JAXA

JAXA announces Hayabusa2 is leaving Ryugu

JAXA announces Hayabusa2 is leaving Ryugu

JAXA has announced that the asteroid exploring spacecraft Hayabusa2 is officially done with its mission on the asteroid Ryugu. With the sample gathering complete, the spacecraft departed the asteroid on November 13, 2019, at 10:05 am JST. JAXA has confirmed that the departure from the asteroid was made.

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Japan joins NASA in mission to land humans on the Moon in 2024

Japan joins NASA in mission to land humans on the Moon in 2024

Japan has announced plans to help NASA in its effort to return humans to the Moon in 2024. The work will take place under NASA's Artemis program, one of multiple efforts that will pave the way for an eventual human trip to Mars. Under its participation, Japan's Cabinet Office revealed that it will help build the orbital outpost intended to serve as a base for astronauts.

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Hayabusa2 makes second touchdown on Ryugu asteroid and sends pictures

Hayabusa2 makes second touchdown on Ryugu asteroid and sends pictures

As if landing on large planets weren't difficult enough, the space scientists and engineers in at JAXA (Japan Aerospace Exploration Agency) wanted to land a spacecraft on an asteroid. In fact, it wanted to do it twice, on the same moving asteroid. Mind-boggling but definitely epic and, fortunately for JAXA and its probe, that is exactly what happened. The very proud space agency just announced that its Hayabusa2 successfully hopped on the asteroid Ryugu for the second time and it sent home pictures to prove its short adventure.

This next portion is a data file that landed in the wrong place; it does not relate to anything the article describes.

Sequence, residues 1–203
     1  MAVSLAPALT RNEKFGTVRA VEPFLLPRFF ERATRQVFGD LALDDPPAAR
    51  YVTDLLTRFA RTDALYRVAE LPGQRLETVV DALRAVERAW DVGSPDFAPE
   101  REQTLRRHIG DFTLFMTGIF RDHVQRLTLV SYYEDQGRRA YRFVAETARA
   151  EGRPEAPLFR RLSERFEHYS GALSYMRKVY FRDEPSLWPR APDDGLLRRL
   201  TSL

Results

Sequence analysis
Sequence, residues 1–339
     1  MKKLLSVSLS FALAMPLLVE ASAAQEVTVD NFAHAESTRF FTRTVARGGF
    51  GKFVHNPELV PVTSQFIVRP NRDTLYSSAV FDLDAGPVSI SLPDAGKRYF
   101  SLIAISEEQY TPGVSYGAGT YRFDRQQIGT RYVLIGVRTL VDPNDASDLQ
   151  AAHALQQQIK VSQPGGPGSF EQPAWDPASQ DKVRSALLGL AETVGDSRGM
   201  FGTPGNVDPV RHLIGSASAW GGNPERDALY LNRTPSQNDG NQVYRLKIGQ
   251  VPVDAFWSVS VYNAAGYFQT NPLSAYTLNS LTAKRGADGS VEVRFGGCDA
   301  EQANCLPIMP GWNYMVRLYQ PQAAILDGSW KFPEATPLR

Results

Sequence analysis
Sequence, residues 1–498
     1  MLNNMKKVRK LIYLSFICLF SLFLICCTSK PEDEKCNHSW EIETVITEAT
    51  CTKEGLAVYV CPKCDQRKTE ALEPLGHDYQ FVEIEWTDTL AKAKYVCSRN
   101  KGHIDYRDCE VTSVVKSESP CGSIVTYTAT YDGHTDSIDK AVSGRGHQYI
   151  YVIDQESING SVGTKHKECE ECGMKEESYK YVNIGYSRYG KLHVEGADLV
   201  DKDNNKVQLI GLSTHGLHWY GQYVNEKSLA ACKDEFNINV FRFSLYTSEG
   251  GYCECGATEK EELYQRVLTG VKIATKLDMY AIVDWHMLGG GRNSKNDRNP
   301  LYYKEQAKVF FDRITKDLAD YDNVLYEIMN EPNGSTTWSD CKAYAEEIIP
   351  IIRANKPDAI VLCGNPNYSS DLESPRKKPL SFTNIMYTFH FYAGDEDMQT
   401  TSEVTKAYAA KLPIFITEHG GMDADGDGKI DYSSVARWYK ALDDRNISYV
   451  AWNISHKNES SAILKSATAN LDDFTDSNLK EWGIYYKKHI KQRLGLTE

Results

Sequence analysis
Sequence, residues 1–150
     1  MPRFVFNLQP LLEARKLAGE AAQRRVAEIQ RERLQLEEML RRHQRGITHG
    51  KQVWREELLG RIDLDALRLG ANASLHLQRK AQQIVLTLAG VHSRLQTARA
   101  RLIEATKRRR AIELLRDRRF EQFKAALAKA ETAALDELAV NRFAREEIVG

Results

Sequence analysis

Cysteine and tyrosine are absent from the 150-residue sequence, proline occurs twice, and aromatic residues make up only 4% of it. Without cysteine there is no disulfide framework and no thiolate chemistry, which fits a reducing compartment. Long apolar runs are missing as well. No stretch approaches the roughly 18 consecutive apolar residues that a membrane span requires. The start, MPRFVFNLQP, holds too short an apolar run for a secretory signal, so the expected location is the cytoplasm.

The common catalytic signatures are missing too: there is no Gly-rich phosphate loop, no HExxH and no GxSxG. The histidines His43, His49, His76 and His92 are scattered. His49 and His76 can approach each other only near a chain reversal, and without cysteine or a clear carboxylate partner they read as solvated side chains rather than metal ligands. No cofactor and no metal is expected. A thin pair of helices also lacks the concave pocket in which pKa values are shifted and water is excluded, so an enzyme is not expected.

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JAXA confirms Hayabusa2’s bomb made a crater

JAXA confirms Hayabusa2’s bomb made a crater

Earlier this month we talked about the JAXA Hayabusa2 spacecraft and that it had hurled its Small Carry-on Impactor at the asteroid and that the impact had created the desired crater. JAXA has tweeted an image of the surface of Ryugu before and after the impactor smashed into its surface. With the successful creation of the crater and resulting loose debris now lying about, Hayabusa2 will now collect some of those samples.

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Hayabusa2 to blow a hole in Ryugu to collect underground samples

Hayabusa2 to blow a hole in Ryugu to collect underground samples

Japan's space agency, JAXA, has announced that the Hayabusa2 spacecraft will soon pull off another critical mission. The new mission will see the spacecraft drop an explosive on Ryugu in an attempt to make its own crater and extract underground samples from the asteroid.

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